GDPR for sole traders
The GDPR (General Data Protection Regulations) have now come into force, and they represent some of the largest changes ever to data protection. But as a sole trader, are the regulations important to you, or do they only affect big businesses? In this article, we’re going to consider the key points that you should know.
Does GDPR affect sole traders?
The first thing to be aware of is that yes – GDPR does affect you as a sole trader. It affects all businesses and organisations of any kind that are collecting information about EU citizens. As a result, it’s important that you have a good overview of what GDPR is and how it changes your business operations. At its core, GDPR is simply about giving EU citizens more control over their own data. It’s designed to help people understand what information an organisation holds, determine how they use it, and change it if necessary.
So what does this mean in practice?
The biggest change that GDPR implements is that you now must have legal grounds in order to collect, store and process someone’s data. So if you’ve got a website, as most sole traders do these days, you can’t simply collect information about visitors and customers without having a good reason to do so. One of the larger misconceptions about GDPR is that you have to have consent for everything. While it’s true that consent is one of the main ways in which people will look to acquire legal grounds, and it’s also the easiest one to demonstrate, it’s not essential in every case. There are actually around six different grounds that you could use to justify the collection of data. As a sole trader, the likelihood is that you’ll be relying on a mixture of contract, legitimate interests and consent.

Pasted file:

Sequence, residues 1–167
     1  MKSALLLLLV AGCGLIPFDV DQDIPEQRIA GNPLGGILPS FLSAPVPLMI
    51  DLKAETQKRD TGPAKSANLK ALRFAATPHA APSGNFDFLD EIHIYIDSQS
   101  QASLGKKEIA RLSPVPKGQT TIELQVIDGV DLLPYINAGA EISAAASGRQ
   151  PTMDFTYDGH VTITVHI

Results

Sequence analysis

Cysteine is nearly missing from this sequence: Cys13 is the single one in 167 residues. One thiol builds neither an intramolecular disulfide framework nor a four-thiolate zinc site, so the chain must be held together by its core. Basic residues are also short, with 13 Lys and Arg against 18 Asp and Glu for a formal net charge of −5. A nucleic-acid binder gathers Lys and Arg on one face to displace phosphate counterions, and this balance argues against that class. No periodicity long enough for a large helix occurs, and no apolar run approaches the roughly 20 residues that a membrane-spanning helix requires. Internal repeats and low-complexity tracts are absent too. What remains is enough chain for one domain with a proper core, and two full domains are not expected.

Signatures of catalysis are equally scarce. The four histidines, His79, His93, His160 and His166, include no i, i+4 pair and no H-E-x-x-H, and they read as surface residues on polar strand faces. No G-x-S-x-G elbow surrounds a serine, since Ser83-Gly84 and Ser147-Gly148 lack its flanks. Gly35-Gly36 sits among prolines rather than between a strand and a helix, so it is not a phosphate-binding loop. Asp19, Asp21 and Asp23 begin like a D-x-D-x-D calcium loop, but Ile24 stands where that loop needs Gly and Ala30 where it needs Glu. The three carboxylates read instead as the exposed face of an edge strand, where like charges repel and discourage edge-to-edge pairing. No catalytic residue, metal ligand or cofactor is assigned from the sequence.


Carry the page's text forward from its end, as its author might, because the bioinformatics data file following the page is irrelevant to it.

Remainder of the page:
What is legitimate interest?
Legitimate interest is fairly vague, but generally refers to you having a genuine reason for collecting data that doesn’t encroach excessively on an individual’s privacy. B2B will rely on this basis extensively – in theory sending out sales or marketing emails to another business would come under this.
Contract is fairly straightforward, and means that you have to collect certain data in order to carry out your contract with a customer. For example, if you run a mobile car washing service, you cannot serve a customer without collecting their address, and if they book online you’d require their email. However, you’d have no reason to continue to store that data and then send out unsolicited marketing emails at a later date.
This leads us onto consent. If you want to collect or use someone’s data for something that doesn’t come under the other lawful bases, then you’d need to get proof of consent from them. This is why most websites now make you check a box for marketing purposes when you give out your email address.
There are a couple of other things that GDPR does that you should be aware of too. The first is that you need to report any data breaches to the Information Commissioner’s Office within 72 hours with as much detail as possible. So if hackers manage to get hold of customer data, you need to report it to the authorities. The other big thing to be aware of is that individuals will now have the right to request that you send them details of all the information you hold about them. You have to do this in a timely fashion, and you cannot refuse.
Are there any aspects of GDPR that don’t apply to sole traders?
As previously mentioned, GDPR does have very broad reaching effects, but there are perhaps some areas that won’t apply to sole traders. The most notable of these is that as an individual you won’t need to hire or assign a data protection officer, because naturally you are the only person responsible. Smaller businesses too generally don’t need a dedicated data protection officer even though it is advised under GDPR.
If you’re still unsure about GDPR and what it means for you, then you may find our free introductory guide useful. Alternatively, Virtual College is pleased to be able to offer a comprehensive course on the topic, which can be found here.